PHOTOS / SHANNA FISHER
STORY / Britt Perkins
Jewelry / Karen London
When I hear “young band,” I get scared. I think Jonas Brothers. I think Taylor Momsen. I think about the O.C. Hearing that the band Kitten is fronted by 17-year-old Chloe Chaidez, and has been since she started it at 15, was one of those moments. It was a little scary. Then I listened to their Cut It Out EP, and age became just another number again.
The breathy dance tracks pay homage to Karen O’s raw sexuality while maintaining an irreverent tone, especially on “Japanese Eyes.” Some coming-of-age romance is thrown in for good measure on “Kill The Light,” while “G#” tends toward shoegaze. “Cut It Out” could easily be written off as a track by and for teens at a house party. Chaidez admits that’s she’s a little bit sick of the age discussion but understands that it’s an interesting topic. She also says things can just get weird when people disregard her age. Like the time a 40-plus-year-old man in England offered her a line at a house party.
“[It makes me think] ‘Why are you doing this? Do you realize what you’re doing? You’re such a stereotype’… It’s always silly to me I guess. Especially when they’re older,” Chaidez says.
That’s not to say Chaidez wasn’t living her own Barrymore/Lohan experience at one point.
“Before we made this record and EP, I was in a really bad place and I was living sort of the complete cliché of a teen in bars every night,” Chaidez says.
But she turned it around with a little help from Freddie Mercury.
“I was watching this Queen documentary on tour in the UK [and thought] ‘What am I doing? I’m making my first record. I want to be as big as them,” Chaidez says.
A tour with Young the Giant in 2011 and a residency at Los Angeles’ Bootleg Bar in September of this year isn’t a bad way to start that climb. Recently signed to Elektra Records, Kitten’s members include Lukas Frank, Bryan DeLeon and Waylon Rector.Though there have been some rotations in the band’s lineup due to “attitude issues,” Chaidez says that the important thing is to have everyone 100 percent motivated and sharing in the same goals that she did for the band.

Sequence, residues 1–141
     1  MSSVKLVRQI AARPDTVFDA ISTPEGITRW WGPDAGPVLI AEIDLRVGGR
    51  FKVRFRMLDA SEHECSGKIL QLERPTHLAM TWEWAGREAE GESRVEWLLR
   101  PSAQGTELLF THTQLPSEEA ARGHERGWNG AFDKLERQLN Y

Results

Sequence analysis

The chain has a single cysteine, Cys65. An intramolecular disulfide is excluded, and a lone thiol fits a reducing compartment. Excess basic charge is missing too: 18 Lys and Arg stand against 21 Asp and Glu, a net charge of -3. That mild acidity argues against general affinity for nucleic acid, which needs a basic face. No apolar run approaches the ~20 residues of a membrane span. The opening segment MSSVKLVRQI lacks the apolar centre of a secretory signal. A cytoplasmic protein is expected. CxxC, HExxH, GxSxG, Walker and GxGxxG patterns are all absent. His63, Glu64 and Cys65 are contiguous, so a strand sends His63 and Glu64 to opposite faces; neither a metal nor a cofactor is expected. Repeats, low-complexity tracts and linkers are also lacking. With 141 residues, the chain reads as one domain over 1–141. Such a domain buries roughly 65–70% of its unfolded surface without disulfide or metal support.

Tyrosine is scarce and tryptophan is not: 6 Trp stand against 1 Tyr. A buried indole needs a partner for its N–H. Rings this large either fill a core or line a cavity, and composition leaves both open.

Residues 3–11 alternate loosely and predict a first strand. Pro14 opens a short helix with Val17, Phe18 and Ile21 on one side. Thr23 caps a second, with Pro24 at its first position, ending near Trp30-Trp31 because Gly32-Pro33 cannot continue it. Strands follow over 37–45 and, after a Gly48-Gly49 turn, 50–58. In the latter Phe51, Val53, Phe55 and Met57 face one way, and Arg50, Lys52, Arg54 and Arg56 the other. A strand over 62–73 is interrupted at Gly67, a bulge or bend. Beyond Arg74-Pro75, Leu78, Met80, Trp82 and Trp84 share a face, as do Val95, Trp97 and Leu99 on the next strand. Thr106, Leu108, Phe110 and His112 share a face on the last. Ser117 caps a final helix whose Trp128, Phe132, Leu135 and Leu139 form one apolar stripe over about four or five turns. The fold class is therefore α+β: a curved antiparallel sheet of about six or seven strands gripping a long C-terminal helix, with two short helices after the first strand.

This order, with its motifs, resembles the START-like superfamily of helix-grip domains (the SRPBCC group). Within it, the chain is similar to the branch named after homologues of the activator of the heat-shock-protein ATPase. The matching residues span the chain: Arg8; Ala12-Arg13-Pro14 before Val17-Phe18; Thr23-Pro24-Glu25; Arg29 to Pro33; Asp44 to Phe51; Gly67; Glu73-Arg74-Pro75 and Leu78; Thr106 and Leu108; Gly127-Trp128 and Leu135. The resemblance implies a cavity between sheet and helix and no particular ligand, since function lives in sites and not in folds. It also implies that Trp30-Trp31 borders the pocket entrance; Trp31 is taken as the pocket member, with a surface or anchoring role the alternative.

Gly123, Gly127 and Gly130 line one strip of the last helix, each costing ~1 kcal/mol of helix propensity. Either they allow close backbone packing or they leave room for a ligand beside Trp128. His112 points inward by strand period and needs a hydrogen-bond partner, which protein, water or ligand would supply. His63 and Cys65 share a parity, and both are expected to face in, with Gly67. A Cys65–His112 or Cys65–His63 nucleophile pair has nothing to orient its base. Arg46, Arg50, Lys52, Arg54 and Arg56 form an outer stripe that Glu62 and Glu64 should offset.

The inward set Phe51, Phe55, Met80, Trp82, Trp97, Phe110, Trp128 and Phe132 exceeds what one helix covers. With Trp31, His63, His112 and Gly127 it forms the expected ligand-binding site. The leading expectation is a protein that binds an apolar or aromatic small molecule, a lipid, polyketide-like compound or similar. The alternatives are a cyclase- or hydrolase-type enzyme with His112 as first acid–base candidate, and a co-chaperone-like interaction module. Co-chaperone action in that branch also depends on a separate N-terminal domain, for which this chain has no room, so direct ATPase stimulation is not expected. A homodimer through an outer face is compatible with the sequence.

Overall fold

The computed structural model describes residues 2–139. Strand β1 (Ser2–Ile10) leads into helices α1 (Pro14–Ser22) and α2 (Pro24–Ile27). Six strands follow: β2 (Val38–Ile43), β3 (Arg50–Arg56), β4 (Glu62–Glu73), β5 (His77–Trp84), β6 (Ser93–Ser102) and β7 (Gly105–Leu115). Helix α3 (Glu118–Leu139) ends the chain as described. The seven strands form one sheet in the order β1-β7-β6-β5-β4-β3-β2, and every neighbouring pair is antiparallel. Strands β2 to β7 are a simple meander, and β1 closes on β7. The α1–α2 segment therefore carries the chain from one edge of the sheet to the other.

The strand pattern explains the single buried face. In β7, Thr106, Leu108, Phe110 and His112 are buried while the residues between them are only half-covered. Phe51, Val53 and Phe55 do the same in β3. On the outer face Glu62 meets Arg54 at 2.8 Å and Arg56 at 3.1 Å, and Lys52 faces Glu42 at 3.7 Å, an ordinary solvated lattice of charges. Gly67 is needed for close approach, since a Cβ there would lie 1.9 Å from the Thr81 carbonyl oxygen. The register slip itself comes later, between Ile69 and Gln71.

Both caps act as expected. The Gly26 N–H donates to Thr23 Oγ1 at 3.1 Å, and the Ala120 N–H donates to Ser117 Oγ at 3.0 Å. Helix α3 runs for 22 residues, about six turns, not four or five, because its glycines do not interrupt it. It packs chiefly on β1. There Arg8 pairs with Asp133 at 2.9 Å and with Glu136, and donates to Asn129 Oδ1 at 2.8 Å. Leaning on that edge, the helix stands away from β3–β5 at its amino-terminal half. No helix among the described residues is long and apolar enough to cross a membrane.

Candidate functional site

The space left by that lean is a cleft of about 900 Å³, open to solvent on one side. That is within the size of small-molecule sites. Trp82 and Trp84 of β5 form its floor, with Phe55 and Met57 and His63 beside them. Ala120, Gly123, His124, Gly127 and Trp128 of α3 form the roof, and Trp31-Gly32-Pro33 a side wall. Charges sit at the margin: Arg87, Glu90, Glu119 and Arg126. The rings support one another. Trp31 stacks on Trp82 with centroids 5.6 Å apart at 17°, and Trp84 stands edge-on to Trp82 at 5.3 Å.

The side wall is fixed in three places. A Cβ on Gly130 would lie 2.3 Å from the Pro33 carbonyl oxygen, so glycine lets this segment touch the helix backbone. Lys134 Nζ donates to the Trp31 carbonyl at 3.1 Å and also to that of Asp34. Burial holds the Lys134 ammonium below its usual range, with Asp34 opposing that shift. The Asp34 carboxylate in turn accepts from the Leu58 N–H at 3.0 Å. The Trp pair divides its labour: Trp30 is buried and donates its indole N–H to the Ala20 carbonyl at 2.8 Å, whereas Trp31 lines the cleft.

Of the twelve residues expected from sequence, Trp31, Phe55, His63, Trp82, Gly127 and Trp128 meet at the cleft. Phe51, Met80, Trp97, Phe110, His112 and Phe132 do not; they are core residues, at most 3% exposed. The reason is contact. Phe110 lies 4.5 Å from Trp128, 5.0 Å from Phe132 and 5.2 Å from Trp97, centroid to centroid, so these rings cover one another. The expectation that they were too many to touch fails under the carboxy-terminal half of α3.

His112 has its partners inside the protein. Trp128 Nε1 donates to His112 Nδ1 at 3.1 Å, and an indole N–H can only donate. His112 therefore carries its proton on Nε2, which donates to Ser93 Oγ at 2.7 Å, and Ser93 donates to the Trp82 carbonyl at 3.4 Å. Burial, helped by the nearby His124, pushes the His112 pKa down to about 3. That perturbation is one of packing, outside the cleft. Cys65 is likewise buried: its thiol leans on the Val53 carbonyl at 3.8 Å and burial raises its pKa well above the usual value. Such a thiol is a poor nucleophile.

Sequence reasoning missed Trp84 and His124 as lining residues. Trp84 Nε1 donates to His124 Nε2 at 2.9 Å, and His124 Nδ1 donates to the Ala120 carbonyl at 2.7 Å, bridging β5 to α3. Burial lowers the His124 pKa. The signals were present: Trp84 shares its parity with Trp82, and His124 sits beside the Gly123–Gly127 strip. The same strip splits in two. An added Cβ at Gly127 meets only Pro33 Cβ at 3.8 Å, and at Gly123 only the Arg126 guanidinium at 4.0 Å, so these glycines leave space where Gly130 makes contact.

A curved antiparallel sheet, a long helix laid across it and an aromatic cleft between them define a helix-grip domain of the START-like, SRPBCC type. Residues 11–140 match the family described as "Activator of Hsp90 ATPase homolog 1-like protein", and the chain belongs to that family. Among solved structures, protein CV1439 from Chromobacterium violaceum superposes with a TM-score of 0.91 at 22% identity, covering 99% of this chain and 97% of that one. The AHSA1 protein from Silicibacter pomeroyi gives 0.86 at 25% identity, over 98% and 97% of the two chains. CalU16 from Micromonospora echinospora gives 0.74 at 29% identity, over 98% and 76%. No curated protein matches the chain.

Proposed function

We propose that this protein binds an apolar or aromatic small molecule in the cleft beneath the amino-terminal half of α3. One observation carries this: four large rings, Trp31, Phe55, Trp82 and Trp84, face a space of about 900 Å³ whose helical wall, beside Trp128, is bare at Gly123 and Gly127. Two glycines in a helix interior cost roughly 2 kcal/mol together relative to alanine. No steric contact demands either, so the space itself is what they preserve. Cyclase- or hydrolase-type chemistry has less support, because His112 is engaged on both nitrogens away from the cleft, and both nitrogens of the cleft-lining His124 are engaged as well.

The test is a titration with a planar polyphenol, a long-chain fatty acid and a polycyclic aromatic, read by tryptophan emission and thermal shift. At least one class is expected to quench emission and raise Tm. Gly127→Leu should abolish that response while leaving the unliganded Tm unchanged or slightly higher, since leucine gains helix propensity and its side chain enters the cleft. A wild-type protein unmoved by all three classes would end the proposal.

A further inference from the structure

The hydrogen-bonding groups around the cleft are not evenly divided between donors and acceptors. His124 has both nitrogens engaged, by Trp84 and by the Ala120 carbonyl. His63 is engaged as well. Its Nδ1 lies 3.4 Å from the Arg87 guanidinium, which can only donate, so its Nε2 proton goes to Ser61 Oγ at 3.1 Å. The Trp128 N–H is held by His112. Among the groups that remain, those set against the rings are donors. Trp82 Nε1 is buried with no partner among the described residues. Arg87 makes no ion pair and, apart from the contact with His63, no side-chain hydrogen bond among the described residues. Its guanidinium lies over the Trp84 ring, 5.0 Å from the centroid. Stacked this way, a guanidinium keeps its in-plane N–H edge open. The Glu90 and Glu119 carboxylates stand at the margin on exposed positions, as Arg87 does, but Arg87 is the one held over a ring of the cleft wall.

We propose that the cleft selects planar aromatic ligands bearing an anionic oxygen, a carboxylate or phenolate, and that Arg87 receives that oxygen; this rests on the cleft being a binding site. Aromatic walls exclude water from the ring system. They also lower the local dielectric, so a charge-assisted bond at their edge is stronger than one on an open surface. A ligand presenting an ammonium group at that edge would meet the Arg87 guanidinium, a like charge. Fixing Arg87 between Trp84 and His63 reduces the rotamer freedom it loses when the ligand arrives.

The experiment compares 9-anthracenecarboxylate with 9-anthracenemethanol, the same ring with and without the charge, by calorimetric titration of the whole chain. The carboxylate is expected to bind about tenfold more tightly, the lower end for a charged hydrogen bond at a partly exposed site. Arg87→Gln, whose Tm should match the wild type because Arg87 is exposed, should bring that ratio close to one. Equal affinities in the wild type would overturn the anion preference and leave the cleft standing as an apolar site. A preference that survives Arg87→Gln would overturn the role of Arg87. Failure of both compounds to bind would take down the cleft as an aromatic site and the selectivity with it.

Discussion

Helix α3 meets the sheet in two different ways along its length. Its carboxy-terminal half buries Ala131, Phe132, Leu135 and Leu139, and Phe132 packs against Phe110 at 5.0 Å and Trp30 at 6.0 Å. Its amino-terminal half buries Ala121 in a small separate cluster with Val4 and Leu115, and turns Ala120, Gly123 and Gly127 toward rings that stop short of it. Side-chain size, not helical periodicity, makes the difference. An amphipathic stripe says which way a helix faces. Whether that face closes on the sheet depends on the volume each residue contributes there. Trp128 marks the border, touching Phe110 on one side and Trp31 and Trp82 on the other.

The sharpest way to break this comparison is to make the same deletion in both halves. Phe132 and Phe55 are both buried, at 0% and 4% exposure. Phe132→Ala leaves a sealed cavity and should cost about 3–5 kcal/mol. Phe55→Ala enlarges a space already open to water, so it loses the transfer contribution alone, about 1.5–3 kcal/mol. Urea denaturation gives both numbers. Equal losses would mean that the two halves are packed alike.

“On stage, people may think I’m a bitch,” Chaidez says. “But I’m a girl and I’m the youngest, and [the guys] make fun of me so much…I am definitely the little sister. I guess I make myself a target at the same time. I’ll pass a cute guy and say, ‘Oh my God, he’s so cute.’”
Chaidez is refreshingly level headed without being desperate to leave her youth behind.
“I think when I meet people, they think I act older than I am,” Chaidez says. “Very soon after that I think the teenage girl comes out in me…I’m not afraid to act my age in front of them.”
We talk about ageism and sexism in the music industry, but Chaidez seems to focus on working hard and putting out music that speaks for itself without paying much attention to the social dynamics within the industry.
“I really admire bands who I can see put a whole lot of effort in what they do,” Chaidez says. “I find that really inspiring. I can tell. I see the tenacity behind it and how much they work.”
And despite having Kitten’s dedicated and of-age manager and writing partner, Chad Anderson, on board, Chaidez explains that she has a lot of control over the direction of the band and its look.
“I don’t feel the need to constantly shove it down people’s throats,” Chaidez says. “But I wouldn’t be doing this if it wasn’t something I wanted to do. My image would be any which way if it weren’t directed by me.”
Chaidez gleans inspiration from the city of Los Angeles and books or movies, citing Stanley Kubrick, PT Anderson and Larry Clark as some of her favorite directors.
“I’m not too arty farty when it comes to that sort of thing,” Chaidez says. “I don’t necessarily go to the woods to get my inspiration sparked. I often watch great performances.”
Chaidez was a also a gymnast from the ages of 3 to 12 and gets a lot of inspiration from watching Olympic athletes competing and breaking records, which spurs her to finish that song or write a better guitar line.
Kitten is inspired by and freely emulates youth culture romanticized. House parties abound in Kitten music videos shot by her friends, and when Chaidez wants to be painted gold, they make it happen.
Happily, Kitten is not a “teen sensation,” but a band that can be enjoyed and expected to evolve through a more experimental and less manufactured discography than some of their peers.